“By the end of April we noticed that we just weren’t seeing the population outbreaks that we were expecting,” he said. “Very few fields have populations of the sugarcane aphid and those that do are easily controlled with insecticides.”
Sugarcane aphids feed on plant leaves, leaving a sticky waste called honeydew to clog up harvesting equipment, Villanueva said. Once in the grain head, they can keep the grain from maturing, reducing both quality and quantity. They also force growers to spend on insecticides to control them.
Sugarcane aphids were first reported in the U.S. in Florida in 1977 in sugarcane. In Texas, they were first found feeding on sorghum near Beaumont in 2013. By October of that year the new sorghum-feeding biotype had spread to the Rio Grande Valley. They then made a northward trek through Texas and beyond.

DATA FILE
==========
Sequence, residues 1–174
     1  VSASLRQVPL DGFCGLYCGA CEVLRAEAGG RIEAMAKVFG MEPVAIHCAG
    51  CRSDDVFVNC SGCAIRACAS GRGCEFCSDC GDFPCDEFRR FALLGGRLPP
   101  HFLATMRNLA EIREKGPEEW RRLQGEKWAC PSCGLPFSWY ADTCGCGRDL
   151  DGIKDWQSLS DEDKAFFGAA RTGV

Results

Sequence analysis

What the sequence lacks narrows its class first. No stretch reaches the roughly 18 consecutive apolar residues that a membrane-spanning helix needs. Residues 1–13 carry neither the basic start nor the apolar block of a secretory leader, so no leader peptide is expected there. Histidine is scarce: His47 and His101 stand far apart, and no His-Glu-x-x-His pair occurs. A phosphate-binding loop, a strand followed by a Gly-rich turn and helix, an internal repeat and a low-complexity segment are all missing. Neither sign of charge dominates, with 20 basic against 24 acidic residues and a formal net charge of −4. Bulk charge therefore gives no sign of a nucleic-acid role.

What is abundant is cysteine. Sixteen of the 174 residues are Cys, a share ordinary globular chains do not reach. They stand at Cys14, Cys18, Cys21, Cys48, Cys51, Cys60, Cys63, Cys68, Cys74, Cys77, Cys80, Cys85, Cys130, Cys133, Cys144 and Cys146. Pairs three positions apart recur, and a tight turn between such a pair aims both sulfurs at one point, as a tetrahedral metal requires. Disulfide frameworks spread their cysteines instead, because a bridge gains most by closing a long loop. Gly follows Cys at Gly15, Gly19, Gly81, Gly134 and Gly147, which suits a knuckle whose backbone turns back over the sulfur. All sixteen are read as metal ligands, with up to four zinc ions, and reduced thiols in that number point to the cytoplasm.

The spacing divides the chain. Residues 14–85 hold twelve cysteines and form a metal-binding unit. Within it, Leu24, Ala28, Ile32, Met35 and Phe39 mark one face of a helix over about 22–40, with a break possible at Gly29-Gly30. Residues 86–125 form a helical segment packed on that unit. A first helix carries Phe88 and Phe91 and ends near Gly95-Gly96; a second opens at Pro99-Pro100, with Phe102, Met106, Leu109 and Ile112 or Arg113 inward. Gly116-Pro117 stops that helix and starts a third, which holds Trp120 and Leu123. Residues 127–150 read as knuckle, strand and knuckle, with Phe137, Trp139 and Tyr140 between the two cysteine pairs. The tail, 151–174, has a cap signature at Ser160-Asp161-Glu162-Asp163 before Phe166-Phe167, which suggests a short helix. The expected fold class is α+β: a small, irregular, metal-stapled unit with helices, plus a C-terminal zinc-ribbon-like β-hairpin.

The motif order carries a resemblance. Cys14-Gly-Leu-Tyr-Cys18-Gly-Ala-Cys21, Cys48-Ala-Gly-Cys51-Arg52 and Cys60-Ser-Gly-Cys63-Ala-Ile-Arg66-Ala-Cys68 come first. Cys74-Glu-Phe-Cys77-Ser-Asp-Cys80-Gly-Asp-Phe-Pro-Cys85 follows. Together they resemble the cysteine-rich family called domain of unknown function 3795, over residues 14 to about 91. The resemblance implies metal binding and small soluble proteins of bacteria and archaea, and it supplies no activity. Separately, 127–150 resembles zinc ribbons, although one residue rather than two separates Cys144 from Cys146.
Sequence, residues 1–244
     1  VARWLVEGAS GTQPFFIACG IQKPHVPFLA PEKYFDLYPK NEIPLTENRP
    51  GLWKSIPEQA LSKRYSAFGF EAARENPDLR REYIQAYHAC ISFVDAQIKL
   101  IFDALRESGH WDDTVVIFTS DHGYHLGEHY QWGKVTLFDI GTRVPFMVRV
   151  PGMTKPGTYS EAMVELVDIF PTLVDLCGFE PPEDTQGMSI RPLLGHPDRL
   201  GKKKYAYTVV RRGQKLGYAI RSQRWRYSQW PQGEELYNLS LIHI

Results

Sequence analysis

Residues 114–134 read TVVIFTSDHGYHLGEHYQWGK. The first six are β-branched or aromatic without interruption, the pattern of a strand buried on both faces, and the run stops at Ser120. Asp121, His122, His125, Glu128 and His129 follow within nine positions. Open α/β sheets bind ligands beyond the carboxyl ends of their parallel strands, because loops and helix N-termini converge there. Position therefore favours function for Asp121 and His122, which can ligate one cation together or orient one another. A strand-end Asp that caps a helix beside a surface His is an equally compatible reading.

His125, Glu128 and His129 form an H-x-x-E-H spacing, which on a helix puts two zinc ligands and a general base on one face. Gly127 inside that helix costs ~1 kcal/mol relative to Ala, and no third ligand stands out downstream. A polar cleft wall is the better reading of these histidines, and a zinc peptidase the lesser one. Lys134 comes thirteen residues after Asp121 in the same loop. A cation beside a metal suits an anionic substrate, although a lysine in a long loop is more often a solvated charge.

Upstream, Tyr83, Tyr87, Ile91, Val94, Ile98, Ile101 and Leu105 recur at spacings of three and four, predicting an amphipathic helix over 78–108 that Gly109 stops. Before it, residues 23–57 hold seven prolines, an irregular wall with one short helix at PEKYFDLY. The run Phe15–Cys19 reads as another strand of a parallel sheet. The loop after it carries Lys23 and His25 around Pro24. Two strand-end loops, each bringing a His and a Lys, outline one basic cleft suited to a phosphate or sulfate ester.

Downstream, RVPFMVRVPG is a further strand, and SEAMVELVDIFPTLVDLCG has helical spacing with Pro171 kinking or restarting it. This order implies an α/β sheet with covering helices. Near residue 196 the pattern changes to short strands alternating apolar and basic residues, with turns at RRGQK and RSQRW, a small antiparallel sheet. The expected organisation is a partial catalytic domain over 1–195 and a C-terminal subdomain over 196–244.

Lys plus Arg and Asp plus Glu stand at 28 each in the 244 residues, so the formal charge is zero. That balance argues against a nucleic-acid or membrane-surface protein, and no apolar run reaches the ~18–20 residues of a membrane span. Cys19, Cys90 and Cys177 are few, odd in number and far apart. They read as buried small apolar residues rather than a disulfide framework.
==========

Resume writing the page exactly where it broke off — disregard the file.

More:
“By October 2014, the aphid had reached about a dozen states in the South and several states in Mexico, Villanueva said. “It spread much farther and faster than anyone had predicted and quickly became the number one pest in grain sorghum.”